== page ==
Can open source help safeguard elections?
- By Derek B. Johnson
- May 09, 2019
Lawmakers and policy experts are demonstrating increased interest in open source technology as a means to solving longstanding challenges and road blocks around election security.
State and local governments rely on proprietary software and hardware from a small handful of private vendors to power their voting machines, voter registration systems and other technologies. Those vendors have historically been reluctant or unwilling to allow third-party audits of their products, and when outside researchers have gotten their hands on voting machines or probed commonly used software like voter registration systems, they've found extensive and worrying cybersecurity vulnerabilities in nearly every model.
That reluctance has led to a number of projects that have sprouted up over the past year from organizations aiming to disrupt the status quo. One such organization, Voting Works, was created last year in partnership with the non-profit Center for Democracy and Technology and seeks to build "secure, usable, affordable and open-source voting machines" that will help to restore trust in the modern election system.
At a May 8 House Administration hearing, Chair Zoe Lofgren (D-Calif.) and ranking member Rodney Davis (R-Ill.) probed witnesses about open source tech that can be independently tested and verified for security.
Joseph Lorenzo Hall, chief technologist for CDT, told lawmakers that the goal of Voting Works and organizations like it is to create a foundation of election-related technology that can be used and improved over time through crowdsourced testing.
"We hope that by building things that people can take and use and build on through that work, it will spreads good things rather than keeping things proprietary and keeping things secret," said Hall.
On May 6, Microsoft unveiled a new free, open-source software development kit in partnership with Galois that can be integrated with the off-the-shelf software used in many current voting machines. According to Tom Burt, Corporate Vice President for Customer Security and Trust at Microsoft, the software supports best practice risk-limiting audits and has an end-to-end verification process that will allow both voters and third-party organizations to verify election results without disclosing the substance of individual recorded votes. The kit will be made available to the public on GitHub under an MIT Open Source License.
Galois also has a $10 million contract with the Defense Advanced Research Project Agency for another secure voting system that relies on open-source hardware and software and draws on previous DARPA security research and design. In line with what experts view as best practice, the software source code will be made available to the public and prototypes will be sent to the annual Def Con Voting Village for hackers to probe and prod for weaknesses, according to Motherboard.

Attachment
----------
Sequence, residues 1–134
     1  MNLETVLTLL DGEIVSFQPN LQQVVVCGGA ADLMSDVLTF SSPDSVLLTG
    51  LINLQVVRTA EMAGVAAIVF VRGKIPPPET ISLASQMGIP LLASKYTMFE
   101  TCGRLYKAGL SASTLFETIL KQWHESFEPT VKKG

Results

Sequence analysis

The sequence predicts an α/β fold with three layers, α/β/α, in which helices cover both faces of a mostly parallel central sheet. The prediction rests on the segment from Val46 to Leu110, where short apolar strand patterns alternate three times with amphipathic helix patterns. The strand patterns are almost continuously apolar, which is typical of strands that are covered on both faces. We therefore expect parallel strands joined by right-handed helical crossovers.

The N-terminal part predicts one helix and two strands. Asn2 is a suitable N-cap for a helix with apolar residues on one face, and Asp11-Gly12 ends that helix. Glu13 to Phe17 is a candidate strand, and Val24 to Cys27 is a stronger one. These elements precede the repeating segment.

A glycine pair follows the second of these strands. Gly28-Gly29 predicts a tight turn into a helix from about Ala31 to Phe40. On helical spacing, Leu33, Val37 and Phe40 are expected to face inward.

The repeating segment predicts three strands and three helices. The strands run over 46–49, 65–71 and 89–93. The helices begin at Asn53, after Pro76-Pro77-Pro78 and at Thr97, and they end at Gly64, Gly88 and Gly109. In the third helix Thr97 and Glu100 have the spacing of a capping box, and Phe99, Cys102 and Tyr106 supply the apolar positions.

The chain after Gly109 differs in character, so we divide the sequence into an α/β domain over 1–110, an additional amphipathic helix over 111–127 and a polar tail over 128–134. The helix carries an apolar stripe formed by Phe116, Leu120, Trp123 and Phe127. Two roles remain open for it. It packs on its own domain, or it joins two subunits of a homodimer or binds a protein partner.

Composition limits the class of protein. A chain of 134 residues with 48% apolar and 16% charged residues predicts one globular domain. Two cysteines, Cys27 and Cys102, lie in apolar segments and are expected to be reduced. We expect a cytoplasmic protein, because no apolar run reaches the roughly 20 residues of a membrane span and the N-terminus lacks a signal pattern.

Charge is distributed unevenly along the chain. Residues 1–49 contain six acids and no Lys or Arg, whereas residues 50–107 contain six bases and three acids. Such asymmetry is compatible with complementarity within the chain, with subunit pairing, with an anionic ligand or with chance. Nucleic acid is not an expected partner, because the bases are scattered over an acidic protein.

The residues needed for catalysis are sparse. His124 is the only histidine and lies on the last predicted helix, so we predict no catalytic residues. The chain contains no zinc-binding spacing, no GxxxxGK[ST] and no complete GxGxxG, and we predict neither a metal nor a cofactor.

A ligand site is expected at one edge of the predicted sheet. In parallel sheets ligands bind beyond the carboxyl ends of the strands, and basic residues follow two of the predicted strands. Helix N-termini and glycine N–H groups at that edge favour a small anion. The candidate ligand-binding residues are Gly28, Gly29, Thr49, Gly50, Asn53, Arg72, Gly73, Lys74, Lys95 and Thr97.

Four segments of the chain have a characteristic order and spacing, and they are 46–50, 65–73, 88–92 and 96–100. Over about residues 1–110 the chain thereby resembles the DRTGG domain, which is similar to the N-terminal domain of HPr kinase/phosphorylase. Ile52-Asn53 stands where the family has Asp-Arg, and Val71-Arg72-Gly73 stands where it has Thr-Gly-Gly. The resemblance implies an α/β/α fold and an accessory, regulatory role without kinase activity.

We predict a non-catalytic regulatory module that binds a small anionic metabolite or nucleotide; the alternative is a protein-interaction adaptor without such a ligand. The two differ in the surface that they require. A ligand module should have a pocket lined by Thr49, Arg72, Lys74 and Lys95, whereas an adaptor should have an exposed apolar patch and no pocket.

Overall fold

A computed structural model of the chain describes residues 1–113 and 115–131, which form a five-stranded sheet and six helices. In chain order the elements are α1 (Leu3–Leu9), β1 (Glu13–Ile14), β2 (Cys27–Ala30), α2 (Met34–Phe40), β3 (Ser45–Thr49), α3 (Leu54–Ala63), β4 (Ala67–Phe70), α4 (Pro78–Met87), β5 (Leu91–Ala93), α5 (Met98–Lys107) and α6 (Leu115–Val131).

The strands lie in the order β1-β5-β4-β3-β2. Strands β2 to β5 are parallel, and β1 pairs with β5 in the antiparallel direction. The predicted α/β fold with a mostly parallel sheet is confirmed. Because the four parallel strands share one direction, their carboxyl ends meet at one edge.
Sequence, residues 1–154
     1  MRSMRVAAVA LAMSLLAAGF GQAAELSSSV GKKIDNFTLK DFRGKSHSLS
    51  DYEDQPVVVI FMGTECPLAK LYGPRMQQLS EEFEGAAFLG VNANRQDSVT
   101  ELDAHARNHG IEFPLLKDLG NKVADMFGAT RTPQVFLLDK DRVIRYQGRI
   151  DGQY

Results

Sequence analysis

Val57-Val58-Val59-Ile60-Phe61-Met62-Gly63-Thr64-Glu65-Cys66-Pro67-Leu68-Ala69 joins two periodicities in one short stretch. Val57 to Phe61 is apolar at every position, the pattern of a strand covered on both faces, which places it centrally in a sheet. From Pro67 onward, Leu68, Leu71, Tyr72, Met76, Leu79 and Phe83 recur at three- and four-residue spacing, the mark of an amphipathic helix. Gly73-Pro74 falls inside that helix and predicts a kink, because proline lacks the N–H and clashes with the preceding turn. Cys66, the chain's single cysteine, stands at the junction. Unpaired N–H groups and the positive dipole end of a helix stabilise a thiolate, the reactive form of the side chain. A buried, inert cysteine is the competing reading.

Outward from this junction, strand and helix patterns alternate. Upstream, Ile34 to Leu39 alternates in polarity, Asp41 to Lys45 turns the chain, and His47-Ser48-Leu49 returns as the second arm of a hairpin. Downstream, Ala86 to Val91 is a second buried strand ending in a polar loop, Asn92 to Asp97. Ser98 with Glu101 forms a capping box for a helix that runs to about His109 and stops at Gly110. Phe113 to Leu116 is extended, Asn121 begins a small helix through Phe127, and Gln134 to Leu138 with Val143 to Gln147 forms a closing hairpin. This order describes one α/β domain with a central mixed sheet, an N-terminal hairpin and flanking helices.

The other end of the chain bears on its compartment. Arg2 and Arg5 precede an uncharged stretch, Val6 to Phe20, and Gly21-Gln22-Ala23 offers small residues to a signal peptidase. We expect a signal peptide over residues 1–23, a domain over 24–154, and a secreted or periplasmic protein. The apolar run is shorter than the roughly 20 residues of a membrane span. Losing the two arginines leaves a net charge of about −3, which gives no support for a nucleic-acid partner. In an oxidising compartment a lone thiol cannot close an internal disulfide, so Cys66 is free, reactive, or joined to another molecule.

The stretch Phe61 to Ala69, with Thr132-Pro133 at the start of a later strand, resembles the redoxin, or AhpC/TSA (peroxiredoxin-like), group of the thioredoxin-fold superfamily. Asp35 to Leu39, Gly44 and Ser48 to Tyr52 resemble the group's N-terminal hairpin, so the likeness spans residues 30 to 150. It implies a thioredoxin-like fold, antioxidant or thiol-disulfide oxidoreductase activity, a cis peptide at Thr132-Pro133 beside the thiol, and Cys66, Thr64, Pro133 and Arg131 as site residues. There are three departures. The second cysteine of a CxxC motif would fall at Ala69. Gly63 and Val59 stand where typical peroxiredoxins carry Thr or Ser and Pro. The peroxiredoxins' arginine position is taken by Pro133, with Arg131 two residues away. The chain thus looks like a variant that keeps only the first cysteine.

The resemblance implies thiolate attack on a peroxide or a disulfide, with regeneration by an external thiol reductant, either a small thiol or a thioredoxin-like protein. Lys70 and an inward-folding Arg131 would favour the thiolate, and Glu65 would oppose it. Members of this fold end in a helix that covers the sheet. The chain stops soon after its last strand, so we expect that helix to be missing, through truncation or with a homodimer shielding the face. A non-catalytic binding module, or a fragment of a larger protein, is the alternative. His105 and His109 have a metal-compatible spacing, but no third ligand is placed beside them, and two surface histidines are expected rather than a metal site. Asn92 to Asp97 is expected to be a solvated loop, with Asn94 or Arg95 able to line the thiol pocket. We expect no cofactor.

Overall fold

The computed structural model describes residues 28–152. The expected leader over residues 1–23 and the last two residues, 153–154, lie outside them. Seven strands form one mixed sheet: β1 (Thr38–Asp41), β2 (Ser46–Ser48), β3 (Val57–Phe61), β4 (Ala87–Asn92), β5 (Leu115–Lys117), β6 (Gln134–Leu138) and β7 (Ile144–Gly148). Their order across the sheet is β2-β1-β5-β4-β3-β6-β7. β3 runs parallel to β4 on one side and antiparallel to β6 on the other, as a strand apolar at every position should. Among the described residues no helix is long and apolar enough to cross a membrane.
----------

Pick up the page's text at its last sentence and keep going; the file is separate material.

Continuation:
However, it's possible that the push for more open-source products could still face resistance, not only from private vendors but also states, particularly if the federal government is involved. When Davis asked witnesses if the federal government should take a more aggressive role designing and deploying more secure elections technology, as DARPA is doing, he got different answers from state election chiefs.
Alabama Secretary of State John Merrill said, "frankly, I feel like the free market is the one that ought to determine what the availability of that equipment is and what should be purchased and what should not, as long as it meets the standards." Merrill later clarified that what he really objected to was the concept of non-voluntary "universal adoption" by states.
Michigan Secretary of State Jocelyn Benson said she would "welcome that type of investment at the federal level." She added that, "it would need to be a partnership with states and local election officials who have unique things to share into what that infrastructure should look like, but certainly I could only imagine that it would help our efforts to secure our elections if we had that level of infrastructure support."
Derek B. Johnson is a senior staff writer at FCW, covering governmentwide IT policy, cybersecurity and a range of other federal technology issues.
Prior to joining FCW, Johnson was a freelance technology journalist. His work has appeared in The Washington Post, GoodCall News, Foreign Policy Journal, Washington Technology, Elevation DC, Connection Newspapers and The Maryland Gazette.
Johnson has a Bachelor's degree in journalism from Hofstra University and a Master's degree in public policy from George Mason University. He can be contacted at [email protected], or follow him on Twitter @derekdoestech.
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